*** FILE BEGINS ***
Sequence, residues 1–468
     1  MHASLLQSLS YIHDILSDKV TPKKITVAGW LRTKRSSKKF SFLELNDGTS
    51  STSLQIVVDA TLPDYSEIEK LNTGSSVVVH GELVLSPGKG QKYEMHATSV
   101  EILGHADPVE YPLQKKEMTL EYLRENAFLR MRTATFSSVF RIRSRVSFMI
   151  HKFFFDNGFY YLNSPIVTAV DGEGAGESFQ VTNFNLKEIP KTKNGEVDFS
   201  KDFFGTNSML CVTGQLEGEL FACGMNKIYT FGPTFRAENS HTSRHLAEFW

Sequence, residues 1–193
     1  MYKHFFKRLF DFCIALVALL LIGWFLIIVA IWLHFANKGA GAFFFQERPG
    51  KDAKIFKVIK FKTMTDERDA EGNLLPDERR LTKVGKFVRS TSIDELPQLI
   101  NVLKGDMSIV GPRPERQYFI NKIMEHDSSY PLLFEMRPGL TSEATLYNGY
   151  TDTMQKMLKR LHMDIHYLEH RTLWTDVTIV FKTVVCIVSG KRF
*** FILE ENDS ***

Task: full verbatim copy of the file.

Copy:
Sequence, residues 1–468
     1  MHASLLQSLS YIHDILSDKV TPKKITVAGW LRTKRSSKKF SFLELNDGTS
    51  STSLQIVVDA TLPDYSEIEK LNTGSSVVVH GELVLSPGKG QKYEMHATSV
   101  EILGHADPVE YPLQKKEMTL EYLRENAFLR MRTATFSSVF RIRSRVSFMI
   151  HKFFFDNGFY YLNSPIVTAV DGEGAGESFQ VTNFNLKEIP KTKNGEVDFS
   201  KDFFGTNSML CVTGQLEGEL FACGMNKIYT FGPTFRAENS HTSRHLAEFW

Sequence, residues 1–193
     1  MYKHFFKRLF DFCIALVALL LIGWFLIIVA IWLHFANKGA GAFFFQERPG
    51  KDAKIFKVIK FKTMTDERDA EGNLLPDERR LTKVGKFVRS TSIDELPQLI
   101  NVLKGDMSIV GPRPERQYFI NKIMEHDSSY PLLFEMRPGL TSEATLYNGY
   151  TDTMQKMLKR LHMDIHYLEH RTLWTDVTIV FKTVVCIVSG KRF